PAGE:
In 1895, a cultured, well-educated young German named Arnold Genthe arrived in San Francisco as a tutor to the son of an aristocratic family. Almost immediately, Genthe was attracted by Chinatown, or "Tangrenbu" — a teeming ten-block area of crowded buildings, narrow streets, and exotic sights and sounds in the shadow of Nob Hill.Fascinated by a living culture totally foreign to his experience, Genthe began to photograph Tangrenbu and its inhabitants. Today, these photographs (over 200 are known to exist) are the best visual documentary record of Chinatown at the turn of the century, offering priceless glimpses of the rich street life of the district before it was leveled by the great earthquake and fire of 1906.Rediscover the lost world of old Chinatown in serene and enduring images of cobbled streets and bustling shops, street vendors and merchants, fish and vegetable markets, Devil's Kitchen, the Street of the Gamblers, Portsmouth Square and more. But most of all, enjoy distinctive candid portraits of the people of old Chinatown: a pipe-bowl member, a paper gatherer, itinerant peddlers, toy merchants, boys playing shuttlecock, a fortune-teller, a sword dancer, women and children in ornate holiday finery, an aged opium smoker and many other unaffected and revealing images.Rich in detail and atmosphere, the photographs are complemented by historian John Tchen's informative and well-researched text, which outlines the turbulent history of Chinese-Americans in California, dispels numerous myths about Chinatown and its residents, and illuminates the role of Genthe's photographs in capturing the subtle flavor and texture of everyday life in the district before 1906.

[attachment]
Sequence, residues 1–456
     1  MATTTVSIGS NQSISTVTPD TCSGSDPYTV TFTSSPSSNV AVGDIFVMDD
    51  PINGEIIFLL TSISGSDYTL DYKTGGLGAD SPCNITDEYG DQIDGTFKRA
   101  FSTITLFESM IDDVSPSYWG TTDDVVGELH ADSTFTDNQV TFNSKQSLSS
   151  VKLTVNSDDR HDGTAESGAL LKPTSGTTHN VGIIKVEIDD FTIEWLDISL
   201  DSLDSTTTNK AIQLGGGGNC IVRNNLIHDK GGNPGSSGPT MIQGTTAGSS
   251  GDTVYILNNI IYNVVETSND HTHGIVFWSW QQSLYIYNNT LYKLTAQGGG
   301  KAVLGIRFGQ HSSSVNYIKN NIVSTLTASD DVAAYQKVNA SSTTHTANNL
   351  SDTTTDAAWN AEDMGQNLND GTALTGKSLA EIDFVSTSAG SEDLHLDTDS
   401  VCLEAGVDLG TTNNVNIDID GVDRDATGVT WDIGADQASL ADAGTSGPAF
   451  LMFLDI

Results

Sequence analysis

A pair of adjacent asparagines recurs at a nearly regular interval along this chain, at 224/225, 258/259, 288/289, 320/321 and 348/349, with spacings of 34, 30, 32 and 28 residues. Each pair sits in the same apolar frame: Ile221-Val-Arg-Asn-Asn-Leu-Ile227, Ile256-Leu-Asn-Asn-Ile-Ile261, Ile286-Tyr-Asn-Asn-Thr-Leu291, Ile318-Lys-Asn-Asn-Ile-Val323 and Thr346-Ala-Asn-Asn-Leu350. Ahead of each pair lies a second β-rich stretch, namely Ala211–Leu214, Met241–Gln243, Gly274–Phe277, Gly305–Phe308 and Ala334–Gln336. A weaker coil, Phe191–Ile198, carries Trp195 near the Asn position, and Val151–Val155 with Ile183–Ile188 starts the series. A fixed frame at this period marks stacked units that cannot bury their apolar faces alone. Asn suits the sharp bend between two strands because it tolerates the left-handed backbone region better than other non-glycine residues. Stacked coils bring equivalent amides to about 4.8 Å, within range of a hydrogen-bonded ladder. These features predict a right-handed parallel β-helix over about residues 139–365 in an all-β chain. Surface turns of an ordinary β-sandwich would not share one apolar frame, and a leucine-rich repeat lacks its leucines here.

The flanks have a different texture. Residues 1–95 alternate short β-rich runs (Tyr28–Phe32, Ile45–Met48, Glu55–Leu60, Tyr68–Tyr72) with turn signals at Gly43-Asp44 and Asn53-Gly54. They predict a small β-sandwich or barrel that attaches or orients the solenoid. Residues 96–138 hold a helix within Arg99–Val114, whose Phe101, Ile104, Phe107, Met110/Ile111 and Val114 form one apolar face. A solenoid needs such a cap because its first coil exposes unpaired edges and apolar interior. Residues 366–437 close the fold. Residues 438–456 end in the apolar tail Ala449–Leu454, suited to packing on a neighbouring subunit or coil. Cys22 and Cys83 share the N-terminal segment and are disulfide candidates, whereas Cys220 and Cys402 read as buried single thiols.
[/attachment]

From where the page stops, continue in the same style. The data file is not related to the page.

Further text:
Kagalkree
I must admit since my wife and I both have extended families living in Chinatown with which we stay on our many visits (staying in a hotel is a sin!) I have soft spot for these simple, occasionally crude, but powerful photographs. Seeing how our ancestors daily lived and knowing the racism and hatred they endured makes our problems seem trivial. To walk through the streets and alleys now, with these photographs forever in mind, grants us access to a vanished way of life.
Vrion
great old photos,many rare ones I have never seen before.any one interested in San Francisco history should buy this book.
Nuadabandis
Excellent photographic journey into the past.
Dagdatus
Great photos, however the printed portions of the book were small print crammed into rather large pages.
RUL
Reserved for giving to sonmeone abroad--Excellent!
Uranneavo
Some really great shots of San Francisco back in the days before the big earthquake. Genthe made some great photographs.
energy breath
Would recommend book as an historic photographic detail of San Francisco Chinatown BEFORE the April 17, 1906 Earthquake and Fire.
Arnold Genthe was a German doctor of philosophy who arrived in San Francisco in 1895. He was fascinated by the Chinese and used his skill as an amatuer photographer to take over 200 photos of Chinatown's "Tangrenbu" section. These are valuable photographs as they depict Chinatown as it existed before the 1906 earthquake. Tangrenbu was the home of thousands of Chinese who were forced to live in this area due to de facto segregation and deep seated prejudice by San Franciscans. The Chinese were clannish and left few written records of their lives. The 1906 disaster destroyed whatever documents which may have existed so Genthe's pictures assume an importance beyond the mere fact of depicting persons and scenes.
Chinese had been living in San Francisco as early as 1838, a full ten years before gold was discovered at Sutter's Mill. Between 1838 and 1849, Chinese were men of means, generally merchants, and few in number. As San Francisco boomed with gold seekers, the city experienced a continuing shortage of workers who were needed to lay roadways, reclaim swampy land, make boots and shoes, and to perform hundreds of other tasks. Native Americans wouldn't cooperate and Mexican-Americans were investing their time in gold mining.